Eating for health: day to day planning
Published: October 19, 2018
Various diets ranging from diets which ameliorate health concerns such as hypertension, diabetes and gastrointestinal disorders, diets which cater to specific food preferences, and diets which are promoted for weight loss frequently provide the user with menu plans.
These menu plans are intended to help the user consume the “correct” amount of calories and/or type of food to achieve specific outcomes.
Menu plans also help you know which foods you need to purchase ahead of time.
This may make grocery shopping quicker and less stressful by removing the uncertainty about what you are going to eat for your next meal.
Menu plans, although intended to make adherence to the diet easier so that nutrition goals will be met, when created by a nutrition counsellor or popular diet may not be user friendly over the long term.
As such, nutrition goals may be met in the short term, but over time are not sustained.
There are many reasons why a menu plan that you initially follow diligently becomes less palatable over time.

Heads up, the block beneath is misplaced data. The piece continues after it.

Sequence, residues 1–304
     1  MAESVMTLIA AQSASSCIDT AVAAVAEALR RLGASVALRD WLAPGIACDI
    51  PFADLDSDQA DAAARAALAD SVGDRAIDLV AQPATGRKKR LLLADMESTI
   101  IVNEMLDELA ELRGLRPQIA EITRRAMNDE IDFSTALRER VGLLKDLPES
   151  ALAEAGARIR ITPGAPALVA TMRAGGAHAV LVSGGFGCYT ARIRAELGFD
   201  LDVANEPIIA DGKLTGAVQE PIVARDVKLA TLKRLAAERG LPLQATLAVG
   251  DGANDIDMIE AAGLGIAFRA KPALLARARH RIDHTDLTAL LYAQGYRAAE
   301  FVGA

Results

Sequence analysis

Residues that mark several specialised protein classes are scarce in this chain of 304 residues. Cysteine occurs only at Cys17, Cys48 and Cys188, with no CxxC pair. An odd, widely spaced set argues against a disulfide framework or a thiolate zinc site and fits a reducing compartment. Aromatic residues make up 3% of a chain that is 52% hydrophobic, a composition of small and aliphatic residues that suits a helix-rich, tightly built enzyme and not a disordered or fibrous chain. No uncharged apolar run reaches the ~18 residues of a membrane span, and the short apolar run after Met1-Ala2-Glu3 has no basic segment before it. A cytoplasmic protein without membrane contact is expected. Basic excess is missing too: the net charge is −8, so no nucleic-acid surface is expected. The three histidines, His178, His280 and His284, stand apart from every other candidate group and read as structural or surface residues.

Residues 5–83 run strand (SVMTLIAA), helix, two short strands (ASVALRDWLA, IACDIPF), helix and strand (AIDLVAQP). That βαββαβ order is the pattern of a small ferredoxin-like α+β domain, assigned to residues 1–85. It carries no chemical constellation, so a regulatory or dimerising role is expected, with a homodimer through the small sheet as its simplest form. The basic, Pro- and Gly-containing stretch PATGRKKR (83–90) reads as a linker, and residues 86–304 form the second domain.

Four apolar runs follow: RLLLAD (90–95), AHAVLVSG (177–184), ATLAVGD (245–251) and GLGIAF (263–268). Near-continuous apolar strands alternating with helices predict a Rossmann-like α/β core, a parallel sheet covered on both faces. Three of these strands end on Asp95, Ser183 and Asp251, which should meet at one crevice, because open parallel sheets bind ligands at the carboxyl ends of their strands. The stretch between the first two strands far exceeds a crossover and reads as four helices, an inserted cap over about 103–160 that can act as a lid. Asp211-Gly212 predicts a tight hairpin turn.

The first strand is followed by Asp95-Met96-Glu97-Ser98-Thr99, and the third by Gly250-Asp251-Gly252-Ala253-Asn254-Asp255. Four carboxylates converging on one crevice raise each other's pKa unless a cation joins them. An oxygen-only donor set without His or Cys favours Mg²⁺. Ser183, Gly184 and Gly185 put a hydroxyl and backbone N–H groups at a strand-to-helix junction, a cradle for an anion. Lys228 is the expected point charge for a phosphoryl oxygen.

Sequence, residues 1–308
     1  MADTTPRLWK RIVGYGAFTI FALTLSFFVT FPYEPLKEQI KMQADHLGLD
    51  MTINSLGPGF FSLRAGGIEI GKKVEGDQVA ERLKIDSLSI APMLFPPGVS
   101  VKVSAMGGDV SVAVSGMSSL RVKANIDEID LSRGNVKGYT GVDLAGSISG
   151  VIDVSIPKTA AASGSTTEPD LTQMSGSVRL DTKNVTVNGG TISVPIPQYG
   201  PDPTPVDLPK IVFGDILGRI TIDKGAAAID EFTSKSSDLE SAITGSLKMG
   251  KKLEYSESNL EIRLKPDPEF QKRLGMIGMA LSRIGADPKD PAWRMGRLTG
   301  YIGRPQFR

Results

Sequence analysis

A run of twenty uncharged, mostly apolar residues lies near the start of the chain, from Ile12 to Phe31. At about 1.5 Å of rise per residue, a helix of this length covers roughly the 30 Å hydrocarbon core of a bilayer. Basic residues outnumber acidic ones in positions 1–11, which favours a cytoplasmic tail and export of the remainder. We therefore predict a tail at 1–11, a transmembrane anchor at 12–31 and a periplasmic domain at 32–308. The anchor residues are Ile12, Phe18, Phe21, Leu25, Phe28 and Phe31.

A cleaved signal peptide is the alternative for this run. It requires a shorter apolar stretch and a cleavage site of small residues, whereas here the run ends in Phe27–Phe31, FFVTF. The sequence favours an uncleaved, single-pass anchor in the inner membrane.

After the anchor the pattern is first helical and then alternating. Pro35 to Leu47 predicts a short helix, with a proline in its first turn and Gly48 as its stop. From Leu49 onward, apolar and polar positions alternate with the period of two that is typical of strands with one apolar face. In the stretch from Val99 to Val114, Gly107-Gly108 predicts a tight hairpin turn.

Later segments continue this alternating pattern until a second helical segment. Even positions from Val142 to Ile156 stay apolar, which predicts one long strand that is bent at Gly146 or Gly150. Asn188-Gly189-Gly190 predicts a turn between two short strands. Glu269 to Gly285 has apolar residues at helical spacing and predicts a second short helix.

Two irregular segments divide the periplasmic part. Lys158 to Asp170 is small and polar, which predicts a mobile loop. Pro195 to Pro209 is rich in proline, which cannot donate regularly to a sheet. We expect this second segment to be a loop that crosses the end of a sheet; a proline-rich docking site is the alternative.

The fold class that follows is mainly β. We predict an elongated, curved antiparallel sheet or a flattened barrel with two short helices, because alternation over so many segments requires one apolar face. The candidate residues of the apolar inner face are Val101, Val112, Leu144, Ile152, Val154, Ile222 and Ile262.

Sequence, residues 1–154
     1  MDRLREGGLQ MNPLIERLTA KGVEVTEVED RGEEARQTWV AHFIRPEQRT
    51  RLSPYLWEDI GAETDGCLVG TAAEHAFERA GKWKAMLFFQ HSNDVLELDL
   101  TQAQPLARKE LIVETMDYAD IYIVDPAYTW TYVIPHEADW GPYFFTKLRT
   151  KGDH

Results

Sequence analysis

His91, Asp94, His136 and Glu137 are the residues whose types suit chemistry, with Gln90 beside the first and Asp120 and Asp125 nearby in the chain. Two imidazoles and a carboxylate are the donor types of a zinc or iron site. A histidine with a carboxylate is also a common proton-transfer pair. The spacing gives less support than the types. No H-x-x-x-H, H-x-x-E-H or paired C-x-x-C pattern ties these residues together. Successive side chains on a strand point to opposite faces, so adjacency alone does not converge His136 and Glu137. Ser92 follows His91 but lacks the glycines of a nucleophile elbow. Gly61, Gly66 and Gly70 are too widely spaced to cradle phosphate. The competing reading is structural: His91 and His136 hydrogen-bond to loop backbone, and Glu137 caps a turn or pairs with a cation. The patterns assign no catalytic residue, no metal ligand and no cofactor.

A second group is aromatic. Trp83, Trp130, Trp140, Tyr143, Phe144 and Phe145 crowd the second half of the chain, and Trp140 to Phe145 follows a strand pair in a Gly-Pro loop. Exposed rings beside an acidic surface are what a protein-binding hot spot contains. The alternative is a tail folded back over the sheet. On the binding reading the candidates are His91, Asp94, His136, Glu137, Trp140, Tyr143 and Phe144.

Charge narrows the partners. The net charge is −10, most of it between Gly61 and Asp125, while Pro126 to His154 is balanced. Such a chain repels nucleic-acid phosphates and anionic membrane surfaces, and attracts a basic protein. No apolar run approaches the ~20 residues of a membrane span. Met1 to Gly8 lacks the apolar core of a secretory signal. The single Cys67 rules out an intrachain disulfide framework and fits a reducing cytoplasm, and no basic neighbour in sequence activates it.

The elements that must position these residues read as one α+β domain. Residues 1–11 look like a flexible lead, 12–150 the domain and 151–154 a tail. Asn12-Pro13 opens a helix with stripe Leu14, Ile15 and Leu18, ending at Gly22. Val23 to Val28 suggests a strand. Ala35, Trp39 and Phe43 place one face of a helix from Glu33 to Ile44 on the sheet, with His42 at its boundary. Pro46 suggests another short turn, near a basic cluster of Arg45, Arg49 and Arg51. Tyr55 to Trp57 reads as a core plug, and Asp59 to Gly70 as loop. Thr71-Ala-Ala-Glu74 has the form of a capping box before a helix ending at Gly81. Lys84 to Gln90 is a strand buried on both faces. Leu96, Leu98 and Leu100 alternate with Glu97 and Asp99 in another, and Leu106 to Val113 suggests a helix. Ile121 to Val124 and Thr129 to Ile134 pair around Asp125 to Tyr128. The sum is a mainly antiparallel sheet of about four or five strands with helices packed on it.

Your initial enthusiasm to achieve your goals and follow the menu plan may be curtailed by life events such as:
- social and family activities
- food preferences (yours and your family’s)
- cost and availability of food required by the recipes the diet may provide
When one menu plan fails to be sustainable you try another and then another.
Perhaps you combine some aspects of one menu plan with another, but eventually find yourself back at square one reverting to time tested eating habits, but not habits that will help you reach your nutrition goals.
While menu plans devised by someone else may not be sustainable in the long term, developing your own menu plan may provide you with a plan that you can adhere to over time and which may help you achieve your nutrition goals.
No two people are the same, have the same nutritional requirements, the same goals, the same lifestyles, or live in the same environment.
Therefore, generic menu plans, even menu plans which are intended to be personalised, cannot reflect all your needs under all circumstances.
Sooner or later you will be faced with a situation that your menu plan has not accounted for.
What do you do now?
When there is no involvement in creating a menu plan other than checking boxes on a “requirement” list, the user of a menu plan is not equipped with the knowledge...link to the full article to learn more.
Centre for Science in the Public Interest (February 2012) Nutrition Action Health Letter